Matthew 26, pt. 1: The Beginning of Christ’s Sacrifice

Tonight we will be reading verses 1-25 from Matthew 26. We have just concluded the study of many of Jesus’s words, coming in the form of parables and teachings. Jesus has spoken to the disciples about the kingdom (the church, or the believers), the judgment, and also has made allusion to His upcoming death. Now the book of Matthew changes focus from the words of Christ to the actions leading up to His death.

Throughout the ordeal, Jesus becomes emotional, but He never loses control of Himself or of the situation. Jesus gives His life of His own free will, neglecting Himself, and these upcoming passages demonstrate His deliberate purpose. 

Verses 1-5 have Jesus concluding His teachings and also He tells the disciples that He will soon be taken to be crucified. It is to happen during the Jewish holiday of Passover, but the Chief Priests decide not to carry out Jesus’s death during the Passover feast, lest there be an uproar from the people. Remember that Jesus is very popular among the people, and the Jewish elite do not want to disrupt the feast by killing Jesus during the proceedings, so they wait. The Chief Priests feel completely justified in their efforts to kill Jesus, because they do not believe His claims that He is the Son of God. They think that He is a liar and a blasphemer. 

Verses 6-13 follow. Jesus is anointed by expensive oil by a lady at Simon the leper’s house. Jesus is still associating with the lowly, with those in need. But peculiarly enough, this woman has a very expensive flask of very expensive oil, so Jesus’s teachings are also still cutting through the social strata. The disciples there are taken aback at the lady’s putting this oil on Jesus, but Jesus rebukes them, saying that it is an anointing for his burial. Even though the oil is expensive, and is used all at once in a manner some deem wasteful, Jesus praises the act because it demonstrates that the woman is convinced of the identity of Jesus and believes all of His words. 

Have you ever wanted to save some valuable possession because of its value or because your are waiting for the “right time” to use it? Sometimes our material resources can come into unexpected uses that we did not originally intend. Particularly when they are used to aid others, we should be diligent to be smart with our possessions and use them for the best possible use!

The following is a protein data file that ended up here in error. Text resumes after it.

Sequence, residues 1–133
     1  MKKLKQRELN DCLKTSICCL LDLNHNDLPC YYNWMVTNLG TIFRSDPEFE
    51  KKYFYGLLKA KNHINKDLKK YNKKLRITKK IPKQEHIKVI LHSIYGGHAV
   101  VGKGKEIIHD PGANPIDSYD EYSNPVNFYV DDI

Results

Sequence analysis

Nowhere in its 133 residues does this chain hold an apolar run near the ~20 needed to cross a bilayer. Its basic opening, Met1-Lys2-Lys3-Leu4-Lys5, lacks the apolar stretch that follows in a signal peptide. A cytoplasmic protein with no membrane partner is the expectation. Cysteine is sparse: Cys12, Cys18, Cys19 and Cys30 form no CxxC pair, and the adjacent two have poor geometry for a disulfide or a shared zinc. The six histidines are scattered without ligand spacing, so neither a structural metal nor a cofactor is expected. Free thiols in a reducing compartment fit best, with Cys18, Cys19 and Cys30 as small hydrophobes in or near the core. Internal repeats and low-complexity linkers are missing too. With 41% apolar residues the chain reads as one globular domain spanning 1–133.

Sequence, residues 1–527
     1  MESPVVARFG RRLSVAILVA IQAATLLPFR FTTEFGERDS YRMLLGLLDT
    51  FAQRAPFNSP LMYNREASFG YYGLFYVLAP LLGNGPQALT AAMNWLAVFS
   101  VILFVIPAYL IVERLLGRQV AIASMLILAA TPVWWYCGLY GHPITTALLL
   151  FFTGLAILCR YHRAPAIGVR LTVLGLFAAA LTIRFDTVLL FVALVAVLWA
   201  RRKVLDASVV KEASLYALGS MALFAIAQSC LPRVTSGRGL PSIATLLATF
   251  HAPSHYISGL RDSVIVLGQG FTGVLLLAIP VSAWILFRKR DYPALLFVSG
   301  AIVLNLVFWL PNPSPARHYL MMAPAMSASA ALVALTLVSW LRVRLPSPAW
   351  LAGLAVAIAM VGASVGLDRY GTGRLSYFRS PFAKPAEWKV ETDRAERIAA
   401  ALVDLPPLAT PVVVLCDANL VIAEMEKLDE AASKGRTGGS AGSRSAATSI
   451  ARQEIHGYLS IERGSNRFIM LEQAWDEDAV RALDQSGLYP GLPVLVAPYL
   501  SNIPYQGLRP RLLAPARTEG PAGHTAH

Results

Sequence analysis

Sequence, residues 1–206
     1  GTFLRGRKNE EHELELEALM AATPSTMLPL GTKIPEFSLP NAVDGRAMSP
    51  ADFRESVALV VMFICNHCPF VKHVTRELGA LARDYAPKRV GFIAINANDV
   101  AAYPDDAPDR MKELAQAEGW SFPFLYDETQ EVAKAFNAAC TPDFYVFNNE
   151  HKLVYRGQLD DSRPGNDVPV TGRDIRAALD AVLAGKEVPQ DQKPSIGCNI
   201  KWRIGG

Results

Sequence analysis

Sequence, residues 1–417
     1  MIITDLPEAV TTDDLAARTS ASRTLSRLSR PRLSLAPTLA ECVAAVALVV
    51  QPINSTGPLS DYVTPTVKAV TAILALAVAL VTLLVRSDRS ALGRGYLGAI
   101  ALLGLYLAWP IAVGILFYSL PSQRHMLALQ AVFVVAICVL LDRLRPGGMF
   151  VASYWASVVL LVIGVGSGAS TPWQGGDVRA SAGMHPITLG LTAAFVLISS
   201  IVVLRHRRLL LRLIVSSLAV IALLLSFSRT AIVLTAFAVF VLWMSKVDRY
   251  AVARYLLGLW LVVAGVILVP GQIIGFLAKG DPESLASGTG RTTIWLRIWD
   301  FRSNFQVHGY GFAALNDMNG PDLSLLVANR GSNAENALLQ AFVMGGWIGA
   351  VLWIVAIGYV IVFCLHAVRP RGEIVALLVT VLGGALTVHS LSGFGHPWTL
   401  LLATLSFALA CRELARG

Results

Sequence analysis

In verses 14-25 there is a non-confrontational confrontation between Jesus and Judas. First we are shown Judas going to the Chief Priests of his own volition to betray Jesus to His death. Judas is offered thirty pieces of silver from them and he accepts it, looking for the chance to earn the money. We are not given His motive explicitly, but the context shows us all too clearly that Judas’s desire for money outweighs his faith in Jesus. Judas was thinking and planning for the short term. Judas was concerned with Judas.

Jesus ensures that He and the disciples will have a place to celebrate the Passover feast. He arranges a place for them and sits down to eat with them. As they are eating, Jesus informs them that one of them will betray Him. He indirectly identifies Judas as the betrayer and also says that it would have been better for Judas if he had never been born. 

Jesus exhibits control. There must be sadness in Him, there must be pain and foreboding and suffering in Him. Yet He gracefully proceeds through the hours leading up to His crucifixion. His quiet and patient strength is awe-inspiring, all the more impressive when we think about how He was going through with it for all mankind.

One thought on “Matthew 26, pt. 1: The Beginning of Christ’s Sacrifice

  1. I like the comment you made about Jesus’ quiet and calm strength. Since he was in the flesh, his anxiety and,fear must have been great. How was he able to continue? What great a love that gas to be!.

    Thank you for your, Monday, night,study. I look forward to it each week.

    Like

Leave a Reply

Fill in your details below or click an icon to log in:

WordPress.com Logo

You are commenting using your WordPress.com account. Log Out /  Change )

Google photo

You are commenting using your Google account. Log Out /  Change )

Twitter picture

You are commenting using your Twitter account. Log Out /  Change )

Facebook photo

You are commenting using your Facebook account. Log Out /  Change )

Connecting to %s